Signers of the Declaration

Not all the men who helped draw up or voted for the Declaration signed it (Robert R. Livingston, for example, did not) nor were all the signers present at its adoption. All the signatures except six (Wythe, R. H. Lee, Wolcott, Gerry, McKean, and Thornton) were affixed on Aug. 2, 1776. The first is that of John Hancock, president of the Continental Congress. The remaining 55 (see individual articles on each) are those of Josiah Bartlett, William Whipple, Matthew Thornton, Samuel Adams, John Adams, Robert Treat Paine, Elbridge Gerry, Stephen Hopkins, William Ellery, Roger Sherman, Samuel Huntington, William Williams, Oliver Wolcott, William Floyd, Philip Livingston, Francis Lewis, Lewis Morris, Richard Stockton, John Witherspoon, Francis Hopkinson, John Hart, Abraham Clark, Robert Morris, Benjamin Rush, Benjamin Franklin, John Morton, George Clymer, James Smith, George Taylor, James Wilson, George Ross, Caesar Rodney, George Read, Thomas McKean, Samuel Chase, William Paca, Thomas Stone, Charles Carroll of Carrollton, George Wythe, Richard Henry Lee, Thomas Jefferson, Benjamin Harrison, Thomas Nelson, Jr., Francis Lightfoot Lee, Carter Braxton, William Hooper, Joseph Hewes, John Penn, Edward Rutledge, Thomas Heyward, Jr., Thomas Lynch, Jr., Arthur Middleton, Button Gwinnett, Lyman Hall, and George Walton.


See studies by J. H. Hazelton (1906, repr. 1970), C. L. Becker (1922, repr. 1962), and F. R. Donovan (1968); D. Malone, The Story of the Declaration of Independence (1954); D. F. Hawke, A Transaction of Free Men (1964, repr. 1989); R. Ginsberg, ed., A Casebook on the Declaration of Independence (1967); G. Wills, Inventing America (1979); J. Fliegelman, Declaring Independence (1993); P. Maier American Scripture: Making the Declaration of Independence (1997); J. N. Rakove, ed., The Annotated U.S. Constitution and Declaration of Independence (2009).

Independence, Declaration of: see Declaration of Independence.
This article is about declarations of independence in general. Specific declarations of independence are listed below in alphabetical order. For the painting of this name, see Trumbull's Declaration of Independence.

A declaration of independence is an assertion of the independence of an aspiring state or states. Such places are usually declared from part or all of the Territory of another nation or failed nation, or are breakaway territories from within the larger state. Not all declarations of independence were successful and resulted in independence for these regions.

Declarations of independence are typically made without the consent of the parent state, and hence are sometimes called unilateral declarations of independence (UDI), particularly by those who question the declarations' validity.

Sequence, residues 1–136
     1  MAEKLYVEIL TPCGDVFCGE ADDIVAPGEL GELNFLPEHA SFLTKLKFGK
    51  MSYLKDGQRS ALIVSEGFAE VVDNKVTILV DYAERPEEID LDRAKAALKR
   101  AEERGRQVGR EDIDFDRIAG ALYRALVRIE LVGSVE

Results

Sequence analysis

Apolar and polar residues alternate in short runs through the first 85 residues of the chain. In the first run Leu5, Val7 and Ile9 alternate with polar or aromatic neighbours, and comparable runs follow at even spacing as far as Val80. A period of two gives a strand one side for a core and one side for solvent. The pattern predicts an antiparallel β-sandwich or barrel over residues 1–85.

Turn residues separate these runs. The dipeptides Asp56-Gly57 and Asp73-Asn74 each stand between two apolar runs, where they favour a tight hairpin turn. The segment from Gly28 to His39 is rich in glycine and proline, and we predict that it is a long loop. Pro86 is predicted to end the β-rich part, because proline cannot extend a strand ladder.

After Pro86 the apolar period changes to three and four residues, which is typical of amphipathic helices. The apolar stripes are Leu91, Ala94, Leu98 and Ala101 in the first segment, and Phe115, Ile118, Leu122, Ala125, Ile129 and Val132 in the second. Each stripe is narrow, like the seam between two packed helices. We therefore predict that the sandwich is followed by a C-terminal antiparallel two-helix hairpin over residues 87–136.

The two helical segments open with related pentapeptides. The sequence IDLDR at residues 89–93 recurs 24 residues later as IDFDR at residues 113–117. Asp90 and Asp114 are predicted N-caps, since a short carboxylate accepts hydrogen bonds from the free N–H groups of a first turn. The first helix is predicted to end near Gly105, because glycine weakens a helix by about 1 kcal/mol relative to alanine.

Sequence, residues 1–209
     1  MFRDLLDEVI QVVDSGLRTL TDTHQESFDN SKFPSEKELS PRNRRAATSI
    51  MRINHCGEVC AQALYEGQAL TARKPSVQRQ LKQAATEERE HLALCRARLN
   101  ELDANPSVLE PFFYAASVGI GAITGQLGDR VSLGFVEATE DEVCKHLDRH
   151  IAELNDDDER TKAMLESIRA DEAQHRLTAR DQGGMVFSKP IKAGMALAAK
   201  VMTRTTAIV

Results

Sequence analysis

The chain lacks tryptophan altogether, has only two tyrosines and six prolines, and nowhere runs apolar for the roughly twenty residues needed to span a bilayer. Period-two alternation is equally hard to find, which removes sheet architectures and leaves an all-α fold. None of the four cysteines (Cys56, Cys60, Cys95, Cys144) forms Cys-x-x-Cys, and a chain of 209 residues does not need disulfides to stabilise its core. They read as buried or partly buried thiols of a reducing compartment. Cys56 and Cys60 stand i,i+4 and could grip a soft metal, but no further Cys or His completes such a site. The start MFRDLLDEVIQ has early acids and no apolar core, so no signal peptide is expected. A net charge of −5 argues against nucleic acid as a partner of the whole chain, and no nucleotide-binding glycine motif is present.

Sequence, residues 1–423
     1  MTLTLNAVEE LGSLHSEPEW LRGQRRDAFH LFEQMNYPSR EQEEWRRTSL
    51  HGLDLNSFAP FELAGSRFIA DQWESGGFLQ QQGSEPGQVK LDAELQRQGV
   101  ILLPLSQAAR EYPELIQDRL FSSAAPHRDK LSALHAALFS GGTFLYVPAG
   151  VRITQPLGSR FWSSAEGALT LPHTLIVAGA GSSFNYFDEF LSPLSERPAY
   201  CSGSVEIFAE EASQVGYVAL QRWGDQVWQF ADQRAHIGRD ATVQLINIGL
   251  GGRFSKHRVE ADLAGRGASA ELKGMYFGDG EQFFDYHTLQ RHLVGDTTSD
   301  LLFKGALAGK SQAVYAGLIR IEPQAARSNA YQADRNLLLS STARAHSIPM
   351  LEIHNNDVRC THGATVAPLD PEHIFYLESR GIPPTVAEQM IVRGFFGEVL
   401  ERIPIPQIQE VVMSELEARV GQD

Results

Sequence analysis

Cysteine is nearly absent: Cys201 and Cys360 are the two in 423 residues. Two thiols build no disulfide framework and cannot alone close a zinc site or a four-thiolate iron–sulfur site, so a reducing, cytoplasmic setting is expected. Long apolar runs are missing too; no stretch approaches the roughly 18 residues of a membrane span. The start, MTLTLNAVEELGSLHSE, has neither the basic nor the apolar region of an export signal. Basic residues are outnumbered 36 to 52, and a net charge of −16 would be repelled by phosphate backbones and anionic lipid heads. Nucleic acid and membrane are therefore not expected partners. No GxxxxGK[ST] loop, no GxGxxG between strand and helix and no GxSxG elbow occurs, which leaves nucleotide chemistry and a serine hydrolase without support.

Region Declaration Date Year Parent Signatories First recognising state
Albania Albanian Declaration of Independence November 28 1912 Ottoman Empire
United Provinces of South America
Argentine Declaration of Independence July 9 1816 Spain Congress of Tucumán
Armenia Democratic Republic of Armenia May 28 1918 Ottoman Empire Armenian Congress of Eastern Armenians Armenian Revolutionary Federation (ARF Dashnak) Russia
Bangladesh Bangladeshi Declaration of Independence 1971 Pakistan India
Belarus Belavezha Accords December 8 1991 Soviet Union Presidents of Russia, Ukraine and Belarus Turkey
Belgium Belgian Declaration of Independence October 4 1830 Netherlands Provisional Government of Belgium
Brazil Brazilian Declaration of Independence September 7 1822 Portugal Pedro I of Brazil
Bulgaria Bulgarian Declaration of Independence September 22 1908 Ottoman Empire Ferdinand of Bulgaria and the Government of Bulgaria
Central America Central American Declaration of Independence September 15 1821 Spain
Chile Chilean Declaration of Independence February 12 1818 Spain National Congress Portugal
Croatia Croatian Declaration of Independence June 25 1991 Yugoslavia Iceland
Dominican Republic Dominican Declaration of Independence February 27 1844 Haiti
East Timor East Timorese Declaration of Independence November 28 1975 Portugal Morocco
Estonia Estonian Declaration of Independence February 24 1918 Russia Salvation Committee
Estonia Estonian Confirmation of Independence August 20 1991 Soviet Union Congress of Estonia Iceland
Finland Finland's Declaration of Independence December 19 1917 Russia Parliament of Finland
Georgia (country) Georgia's Declaration of Independence April 9 1991 Soviet Union Germany
Georgia (U.S. state) Georgia's secession declaration January 29 1861 United States
Guinea-Bissau Guinea-Bissau Declaration of Independence September 24 1973 Portugal
Haiti Haitian Declaration of Independence January 1 1804 France Jean-Jacques Dessalines
Hungary Hungarian Declaration of Independence April 17 1848 Austrian Empire
Iceland Icelandic Declaration of Independence June 17 1944 Denmark
India Indian Declaration of Independence August 15 1947 United Kingdom United Kingdom
Indonesia Indonesian Declaration of Independence August 17 1945 Netherlands Sukarno & Mohammad Hatta Egypt